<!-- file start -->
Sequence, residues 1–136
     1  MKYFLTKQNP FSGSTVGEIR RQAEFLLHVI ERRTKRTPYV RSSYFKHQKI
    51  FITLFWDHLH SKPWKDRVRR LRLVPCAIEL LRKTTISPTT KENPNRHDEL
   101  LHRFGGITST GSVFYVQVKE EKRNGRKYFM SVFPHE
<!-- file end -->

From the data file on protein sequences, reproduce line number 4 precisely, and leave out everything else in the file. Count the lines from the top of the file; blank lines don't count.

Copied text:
   101  LHRFGGITST GSVFYVQVKE EKRNGRKYFM SVFPHE